There is also talk that Israelis may want to see a historical figure, a member of the founding generation, like Shimon Peres perhaps, return to the political fray -- Soledad.

S. O'BRIEN: Guy, does all of this mean, in fact, that the efforts to resolve the Israeli-Palestinian conflict are, for the most part, brought to a halt?

RAZ: Well, they are certainly impacted in the short term, and ultimately, obviously, the United States has a very deep interest in preserving the very delicate process that it sponsored for so many years. The United States has invested a lot of political capital in this conflict, believing that the resolution of the Palestinian- Israeli conflict really is key to brining about greater democratization in the Arab world. The Bush administration clearly would want the next Israeli government, if in fact Ariel Sharon does not resume his duties as prime minister, the Bush administration will want the next government to pursue the policies that we believe Ariel Sharon himself would have pursued, and that is the establishment, or bringing both sides closer to a two-state solution -- Soledad.

S. O'BRIEN: Guy Raz for us this morning. He's outside the hospital where Ariel Sharon is now undergoing surgery once again. Guy, thanks -- Miles.

M. O'BRIEN: Now a dying man's final words as he faced death in the Sago mine. A note written by 51-year-old Martin Toler reveals what it was like for the 12 coal miners trapped in the darkness deep underground. He tries to comfort his family about his own death, saying, "It wasn't bad, just went to sleep."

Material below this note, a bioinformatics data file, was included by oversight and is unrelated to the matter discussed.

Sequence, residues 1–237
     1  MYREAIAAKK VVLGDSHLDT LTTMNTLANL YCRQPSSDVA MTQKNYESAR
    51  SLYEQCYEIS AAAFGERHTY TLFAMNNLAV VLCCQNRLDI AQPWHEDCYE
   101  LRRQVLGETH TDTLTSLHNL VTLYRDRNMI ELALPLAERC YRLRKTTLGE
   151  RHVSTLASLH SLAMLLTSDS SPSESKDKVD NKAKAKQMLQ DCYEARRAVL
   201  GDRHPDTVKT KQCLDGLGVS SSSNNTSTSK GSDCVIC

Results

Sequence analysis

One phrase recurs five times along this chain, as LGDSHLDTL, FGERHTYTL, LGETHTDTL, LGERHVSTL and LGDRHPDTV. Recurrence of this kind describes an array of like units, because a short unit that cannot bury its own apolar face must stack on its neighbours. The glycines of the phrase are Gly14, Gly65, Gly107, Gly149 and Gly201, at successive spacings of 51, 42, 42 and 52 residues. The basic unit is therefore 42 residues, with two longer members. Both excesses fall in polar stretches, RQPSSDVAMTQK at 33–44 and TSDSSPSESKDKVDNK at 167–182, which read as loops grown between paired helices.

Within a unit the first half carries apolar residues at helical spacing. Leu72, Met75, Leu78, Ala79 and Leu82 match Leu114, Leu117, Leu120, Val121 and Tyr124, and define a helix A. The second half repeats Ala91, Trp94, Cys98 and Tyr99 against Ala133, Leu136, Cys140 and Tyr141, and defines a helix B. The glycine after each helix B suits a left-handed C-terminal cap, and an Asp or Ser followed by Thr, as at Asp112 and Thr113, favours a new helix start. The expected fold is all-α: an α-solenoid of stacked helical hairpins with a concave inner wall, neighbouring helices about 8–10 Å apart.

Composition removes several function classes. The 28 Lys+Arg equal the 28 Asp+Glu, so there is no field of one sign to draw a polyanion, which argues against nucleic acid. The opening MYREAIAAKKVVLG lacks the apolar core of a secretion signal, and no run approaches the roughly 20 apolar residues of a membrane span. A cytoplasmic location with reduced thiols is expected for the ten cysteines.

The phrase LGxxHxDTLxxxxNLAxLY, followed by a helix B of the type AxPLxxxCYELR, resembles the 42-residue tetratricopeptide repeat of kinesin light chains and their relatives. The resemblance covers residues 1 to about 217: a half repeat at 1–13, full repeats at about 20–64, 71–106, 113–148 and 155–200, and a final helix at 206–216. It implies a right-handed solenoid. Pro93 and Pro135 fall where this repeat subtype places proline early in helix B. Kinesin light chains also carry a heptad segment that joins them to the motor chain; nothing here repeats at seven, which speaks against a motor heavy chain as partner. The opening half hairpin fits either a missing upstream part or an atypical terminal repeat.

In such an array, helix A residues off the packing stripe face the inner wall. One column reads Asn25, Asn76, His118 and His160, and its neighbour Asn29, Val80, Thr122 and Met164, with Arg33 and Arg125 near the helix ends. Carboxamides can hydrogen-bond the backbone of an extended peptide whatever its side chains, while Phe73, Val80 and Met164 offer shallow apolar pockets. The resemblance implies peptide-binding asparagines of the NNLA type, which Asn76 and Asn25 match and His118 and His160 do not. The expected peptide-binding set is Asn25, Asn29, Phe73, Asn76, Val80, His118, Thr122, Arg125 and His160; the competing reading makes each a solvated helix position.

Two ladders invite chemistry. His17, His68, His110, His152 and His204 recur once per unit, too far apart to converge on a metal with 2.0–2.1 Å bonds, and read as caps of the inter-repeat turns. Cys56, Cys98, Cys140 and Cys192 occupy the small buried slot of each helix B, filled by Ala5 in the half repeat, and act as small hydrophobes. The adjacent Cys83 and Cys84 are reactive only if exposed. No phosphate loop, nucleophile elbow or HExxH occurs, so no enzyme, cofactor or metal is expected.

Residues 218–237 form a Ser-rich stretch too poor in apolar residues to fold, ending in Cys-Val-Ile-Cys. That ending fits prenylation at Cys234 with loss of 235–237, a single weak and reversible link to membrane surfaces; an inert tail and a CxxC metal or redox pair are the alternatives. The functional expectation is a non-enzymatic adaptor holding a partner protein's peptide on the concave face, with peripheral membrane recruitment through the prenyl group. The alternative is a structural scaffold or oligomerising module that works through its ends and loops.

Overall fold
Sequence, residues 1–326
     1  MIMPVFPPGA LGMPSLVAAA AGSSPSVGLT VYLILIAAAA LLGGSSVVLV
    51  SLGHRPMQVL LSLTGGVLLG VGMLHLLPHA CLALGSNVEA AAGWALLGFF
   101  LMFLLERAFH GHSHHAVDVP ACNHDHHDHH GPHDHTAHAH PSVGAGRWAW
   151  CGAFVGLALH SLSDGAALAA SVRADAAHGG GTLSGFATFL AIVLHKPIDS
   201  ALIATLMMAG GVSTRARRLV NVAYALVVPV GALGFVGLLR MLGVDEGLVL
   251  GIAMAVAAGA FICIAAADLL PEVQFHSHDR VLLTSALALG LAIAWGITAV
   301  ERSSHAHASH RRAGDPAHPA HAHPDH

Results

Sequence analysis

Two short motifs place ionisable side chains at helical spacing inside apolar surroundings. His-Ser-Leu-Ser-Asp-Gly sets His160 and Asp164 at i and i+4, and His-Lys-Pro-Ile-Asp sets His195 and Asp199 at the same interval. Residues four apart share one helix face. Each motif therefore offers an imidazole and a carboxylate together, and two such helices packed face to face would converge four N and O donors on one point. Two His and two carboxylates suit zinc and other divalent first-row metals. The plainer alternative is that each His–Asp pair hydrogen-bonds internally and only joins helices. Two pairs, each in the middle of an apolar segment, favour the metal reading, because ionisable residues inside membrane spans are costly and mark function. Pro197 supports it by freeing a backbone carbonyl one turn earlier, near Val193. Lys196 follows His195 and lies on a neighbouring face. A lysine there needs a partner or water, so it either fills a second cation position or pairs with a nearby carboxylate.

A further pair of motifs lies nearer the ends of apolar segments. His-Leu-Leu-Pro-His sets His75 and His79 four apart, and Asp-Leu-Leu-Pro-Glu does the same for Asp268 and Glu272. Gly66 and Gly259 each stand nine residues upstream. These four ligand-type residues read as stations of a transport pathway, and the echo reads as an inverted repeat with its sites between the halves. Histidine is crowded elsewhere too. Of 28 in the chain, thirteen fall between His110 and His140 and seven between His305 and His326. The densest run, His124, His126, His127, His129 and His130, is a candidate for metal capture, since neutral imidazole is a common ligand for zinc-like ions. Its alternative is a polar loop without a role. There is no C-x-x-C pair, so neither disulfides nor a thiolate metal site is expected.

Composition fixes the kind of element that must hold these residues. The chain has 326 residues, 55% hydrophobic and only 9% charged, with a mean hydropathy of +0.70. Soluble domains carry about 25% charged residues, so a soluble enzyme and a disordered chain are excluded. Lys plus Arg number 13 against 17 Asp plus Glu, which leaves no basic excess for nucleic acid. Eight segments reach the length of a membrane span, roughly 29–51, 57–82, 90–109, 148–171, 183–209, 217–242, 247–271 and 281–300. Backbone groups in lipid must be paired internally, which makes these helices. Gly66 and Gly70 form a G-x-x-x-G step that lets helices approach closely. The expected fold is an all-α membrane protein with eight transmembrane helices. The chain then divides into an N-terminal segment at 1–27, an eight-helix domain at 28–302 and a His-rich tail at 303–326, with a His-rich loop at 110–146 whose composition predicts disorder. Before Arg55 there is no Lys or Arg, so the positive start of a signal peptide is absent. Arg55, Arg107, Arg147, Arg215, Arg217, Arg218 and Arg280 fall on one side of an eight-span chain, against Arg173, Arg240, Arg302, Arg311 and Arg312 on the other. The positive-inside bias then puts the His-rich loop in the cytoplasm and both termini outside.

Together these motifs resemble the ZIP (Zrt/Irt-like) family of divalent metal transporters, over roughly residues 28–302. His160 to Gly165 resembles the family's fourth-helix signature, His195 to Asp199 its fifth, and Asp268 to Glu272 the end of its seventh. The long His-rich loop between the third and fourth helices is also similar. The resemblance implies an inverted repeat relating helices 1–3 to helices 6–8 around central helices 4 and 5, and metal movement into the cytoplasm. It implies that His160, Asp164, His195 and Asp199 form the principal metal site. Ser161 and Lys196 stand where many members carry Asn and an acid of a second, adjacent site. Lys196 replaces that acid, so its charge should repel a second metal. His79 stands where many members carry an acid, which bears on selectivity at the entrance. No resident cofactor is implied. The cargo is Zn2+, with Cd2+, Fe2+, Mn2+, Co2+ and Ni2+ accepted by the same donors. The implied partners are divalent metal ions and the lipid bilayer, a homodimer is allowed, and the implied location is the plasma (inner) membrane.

Kimberly Osias live at the Sago mine in Upshur County, West Virginia.

Good morning, Kimberly.

KIMBERLY OSIAS, CNN CORRESPONDENT: Good morning to you, Miles.

Well, I'll tell you, when we first saw a picture of that letter last night, it was a very visceral reaction we all had. I mean, you know, it's been such a roller coaster for these families. You just can't help it, but your heart really goes out to them.


OSIAS (voice-over): "Tell all, I see them on the other side. J.R." Final words from 51-year-old Martin Toler Jr., one of the 12 miners who died in the Sago coal mine in West Virginia. Toler apparently wanted his family to know he wasn't suffering. He wrote, "It wasn't bad, just went to sleep." And at the bottom, he wrote, "I love you."

Martin Toler was a section foreman, and spent more than three decades working in the mines. We're told he was a proud father, seen here at his daughter's wedding, and a wonderful grandfather. Toler's family received the letter after identifying his body. His nephew, Randy Toler, says the note was written on the back of an insurance form Martin had in his pocket.